I've worked for about half-a-dozen hospitals in different parts of the country and have come to prefer the 403-B type plans to pension plans for the reasons listed below. (My employers' contributions have ranged from 4% to 6% -- added to my own, tax-deferred contributions.)
1. People who move from one institution to another, work part time, or take time off to have children, etc. rarely get a "good deal" from a traditional pension plan. The vesting periods, calculations of benefits, etc. often work against such folks.
2. In most 403-B plans, once the money is in your account, it is yours to keep. You can roll it over into an IRA when you leave. The vesting period only applies to your employer's contributions, not yours.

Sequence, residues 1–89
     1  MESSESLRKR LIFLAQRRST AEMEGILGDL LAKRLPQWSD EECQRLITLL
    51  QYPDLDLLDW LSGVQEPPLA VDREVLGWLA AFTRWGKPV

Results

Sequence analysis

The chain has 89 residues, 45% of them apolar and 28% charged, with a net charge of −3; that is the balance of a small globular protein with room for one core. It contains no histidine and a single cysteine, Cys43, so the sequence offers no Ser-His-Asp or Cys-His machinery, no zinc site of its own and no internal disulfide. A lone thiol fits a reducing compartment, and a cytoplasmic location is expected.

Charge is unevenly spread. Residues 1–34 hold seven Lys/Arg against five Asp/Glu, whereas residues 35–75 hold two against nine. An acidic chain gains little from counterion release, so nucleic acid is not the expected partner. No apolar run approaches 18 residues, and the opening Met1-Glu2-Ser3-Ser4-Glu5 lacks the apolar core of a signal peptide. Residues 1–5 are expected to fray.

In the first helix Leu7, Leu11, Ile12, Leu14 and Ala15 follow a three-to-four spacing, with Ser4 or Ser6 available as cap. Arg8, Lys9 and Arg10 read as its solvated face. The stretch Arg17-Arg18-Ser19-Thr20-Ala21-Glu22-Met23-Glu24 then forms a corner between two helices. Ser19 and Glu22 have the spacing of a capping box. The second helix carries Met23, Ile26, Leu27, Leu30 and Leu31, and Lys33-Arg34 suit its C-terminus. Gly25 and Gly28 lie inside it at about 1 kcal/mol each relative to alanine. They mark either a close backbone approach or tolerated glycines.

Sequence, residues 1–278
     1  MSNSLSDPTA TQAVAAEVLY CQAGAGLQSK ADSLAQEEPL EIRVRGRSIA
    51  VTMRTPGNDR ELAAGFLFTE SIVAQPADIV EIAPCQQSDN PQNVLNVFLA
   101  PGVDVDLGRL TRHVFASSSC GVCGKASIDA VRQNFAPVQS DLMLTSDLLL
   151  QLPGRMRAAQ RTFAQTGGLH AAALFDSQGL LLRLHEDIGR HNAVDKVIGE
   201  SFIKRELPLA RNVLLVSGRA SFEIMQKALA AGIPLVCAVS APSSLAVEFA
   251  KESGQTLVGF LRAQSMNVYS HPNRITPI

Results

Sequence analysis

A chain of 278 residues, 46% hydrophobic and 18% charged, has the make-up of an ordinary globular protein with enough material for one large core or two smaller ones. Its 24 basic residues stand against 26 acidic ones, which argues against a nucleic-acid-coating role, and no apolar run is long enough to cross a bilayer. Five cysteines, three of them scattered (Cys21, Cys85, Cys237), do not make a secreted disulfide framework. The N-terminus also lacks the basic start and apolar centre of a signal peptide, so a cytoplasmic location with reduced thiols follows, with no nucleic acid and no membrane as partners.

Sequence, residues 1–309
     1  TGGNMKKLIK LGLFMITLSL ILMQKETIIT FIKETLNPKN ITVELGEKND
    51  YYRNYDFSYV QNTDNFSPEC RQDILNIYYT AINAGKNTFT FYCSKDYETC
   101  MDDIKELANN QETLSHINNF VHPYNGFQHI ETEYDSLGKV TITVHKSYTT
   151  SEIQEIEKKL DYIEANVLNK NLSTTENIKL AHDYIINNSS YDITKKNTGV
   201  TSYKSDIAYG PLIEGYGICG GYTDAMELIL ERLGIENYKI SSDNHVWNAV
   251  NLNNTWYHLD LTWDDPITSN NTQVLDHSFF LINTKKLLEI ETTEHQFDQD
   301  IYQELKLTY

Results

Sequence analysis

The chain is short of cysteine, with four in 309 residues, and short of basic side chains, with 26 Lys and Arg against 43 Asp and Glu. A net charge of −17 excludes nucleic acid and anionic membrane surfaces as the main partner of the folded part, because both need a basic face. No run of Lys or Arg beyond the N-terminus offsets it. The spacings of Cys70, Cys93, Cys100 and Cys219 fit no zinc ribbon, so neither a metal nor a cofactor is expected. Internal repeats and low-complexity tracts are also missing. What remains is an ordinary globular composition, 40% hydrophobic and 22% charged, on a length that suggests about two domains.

3. In a pension plan, your future welfare is dependent on the financial health and decision-making of the people running your company. If the company goes bankrupt, there goes your pension. (Remember Enron?) In a 403-B plan, you direct the nature of your investments yourself. If you choose to invest the money conservatively (with smaller growth potential, but fewer risks), you can do that and virtually gurarantee your future. If you choose to invest your retirement money in higher risk investments (higher growth potential, but a larger risk of significant loss), then you can choose that, too.
I've never heard of a hospital that paid for health care benefits after you stopped working for them (other than the legally required tempory coverage to cover you in-between jobs).